Over at the Building a Better Blog community, Danielle B and Sue Waters have been talking in the forums about how easy it is to get yourself stuck in a blogging box, only reading those blogs that are related to your professional field or the topic you've chosen to blog about. This is a natural tendency I think because we generally blog about our passions and interests and we tend to want to connect to other people who share those interests. Besides, there's so much out there to read, it's one way to cut down on information overload!
The problem with blogging in our comfort zones, though, is that we narrow the possibilities for learning and creativity that come from exposing ourselves to new and different perspectives. If I stay in the edu-blogger community or the technology community of bloggers, with little contact with anyone else, it's easy to get sucked into the sort of group-think that naturally evolves when any community of people comes together. It's similar to what we do in real-life--staying in our own neighborhoods and never really experiencing what's happening in other parts of the world. As a result, we tend to think that most people are like us and think like us. Or maybe that's just me.
Although of course we can learn from others in our field, there's additional learning to be found when we move outside of our comfort zones and put ourselves into someone else's shoes to learn about how they view the world. In business, innovations often come when companies explore how other industries are doing business and adapt those practices for themselves. This is true in the nonprofit sector as well where microlending and social entrepreneurship are clearly linked to the idea of bringing business principles into NPOs. Learning about how others outside of our immediate communities of practice do things can be profoundly transforming.
I've become acutely aware of this issue in the past few weeks as I continue to think through my social media helix and how to cross the chasm from early adopters to early majority users of social media tools. I'll be writing a separate post on this, but one thing I realized in the past few days is how differently we early adopters of social media think. How do we expect to help people who don't use social media tools to cross over if we don't fully understand their experience of the web and how it's so different from our own? But because I've surrounded myself online with a community of people who "get" social media and how to use it for learning, I've developed a certain mindset and approach that isn't at all helpful to my thinking about how to help people who aren't living in my corner of the blogosphere. I need to get out more, is the point.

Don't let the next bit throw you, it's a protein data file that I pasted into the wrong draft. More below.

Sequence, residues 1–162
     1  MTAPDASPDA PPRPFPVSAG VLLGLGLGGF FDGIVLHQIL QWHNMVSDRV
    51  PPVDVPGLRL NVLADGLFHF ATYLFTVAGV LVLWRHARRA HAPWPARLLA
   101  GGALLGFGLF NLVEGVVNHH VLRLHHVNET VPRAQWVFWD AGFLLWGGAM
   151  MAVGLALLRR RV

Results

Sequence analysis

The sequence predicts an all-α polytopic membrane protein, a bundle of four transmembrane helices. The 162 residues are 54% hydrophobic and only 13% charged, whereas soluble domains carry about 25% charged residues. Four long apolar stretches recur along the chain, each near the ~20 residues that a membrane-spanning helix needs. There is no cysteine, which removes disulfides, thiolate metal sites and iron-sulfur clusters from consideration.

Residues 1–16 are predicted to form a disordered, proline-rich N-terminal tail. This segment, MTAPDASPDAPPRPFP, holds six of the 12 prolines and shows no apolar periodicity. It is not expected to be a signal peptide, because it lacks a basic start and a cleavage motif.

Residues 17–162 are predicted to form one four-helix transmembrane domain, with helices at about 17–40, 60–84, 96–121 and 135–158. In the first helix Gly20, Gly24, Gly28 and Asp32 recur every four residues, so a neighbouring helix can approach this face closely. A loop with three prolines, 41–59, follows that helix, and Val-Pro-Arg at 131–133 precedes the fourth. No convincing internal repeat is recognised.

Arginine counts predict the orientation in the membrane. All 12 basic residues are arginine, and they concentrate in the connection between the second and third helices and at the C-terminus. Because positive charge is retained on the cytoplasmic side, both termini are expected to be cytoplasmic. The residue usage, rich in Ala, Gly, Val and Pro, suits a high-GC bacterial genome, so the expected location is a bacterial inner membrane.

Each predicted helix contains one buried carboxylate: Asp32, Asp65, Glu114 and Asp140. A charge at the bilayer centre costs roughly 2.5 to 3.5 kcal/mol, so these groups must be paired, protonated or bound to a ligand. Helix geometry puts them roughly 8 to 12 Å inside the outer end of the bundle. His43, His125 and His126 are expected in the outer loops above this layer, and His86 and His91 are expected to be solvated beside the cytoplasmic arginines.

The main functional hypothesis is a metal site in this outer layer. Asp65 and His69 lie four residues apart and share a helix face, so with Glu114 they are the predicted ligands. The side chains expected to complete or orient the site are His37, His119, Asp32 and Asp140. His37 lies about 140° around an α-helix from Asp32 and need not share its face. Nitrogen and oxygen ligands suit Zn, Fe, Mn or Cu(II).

A few ways I've tried to expand my exposure and thinking in general (although these don't help me in addressing my social media issue, since many of these people aren't blogging):
- I use StumbleUpon to find new blogs and sites and have gone pretty broad in the categories I tell StumbleUpon to show me. This exposes me to a lot of information and materials that I wouldn't normally find in my daily reading.
- I'm letting more of my personal interests bleed over into the professional arena. Sue Waters will be happy to know that I've taken the leap and started using Google Reader to read my feeds. Previously I used Netvibes, where I had everything tabbed into different topic areas and would read through by topic. With Google Reader, I just go through all my unread feeds in a continuous, un-segmented stream, which allows me to make some serendipitous connections between the art and personal development stuff I read for my "personal" life and the technology and learning blogs I read for my more professional thinking. My interests are fairly broad, so I haven't been as boxed in as I could have been. What's different is that I'm letting these worlds touch each other more and that lets my brain work on things from new angles.
- I've been exploring Google Alerts results that seem "irrelevant" at first blush. I have some pretty broad Google Alerts set up right now--"Generation Y" for example. I could have refined that search to "Generation Y" and "work," but I decided to keep it open right now because I wanted to see a fuller spectrum of blogs and news stories. It's a little less targeted information, but it has led me to some interesting articles and blogs that have helped me expand my viewpoint.
- I try to make a special point of reading blogs from other countries. I'm acutely aware of the fact that I tend to be Ameri-centric in my thinking, so I try to read blogs from other parts of the world to get a sense of how they approach various problems and issues. If I spoke something other than English, I could expand even more. I could also use something like Bablefish to translate, but honestly, that's probably more than I can handle right now.
I'm sure there are other strategies I'm missing here, so I'd love to hear from you. I'm also curious to know about your blog reading habits--do you tend to stay within your corner of the blogosphere or do you expand out? If you do, how do you do it? How do you find other kinds of blogs and resources? How has it changed and informed your learning?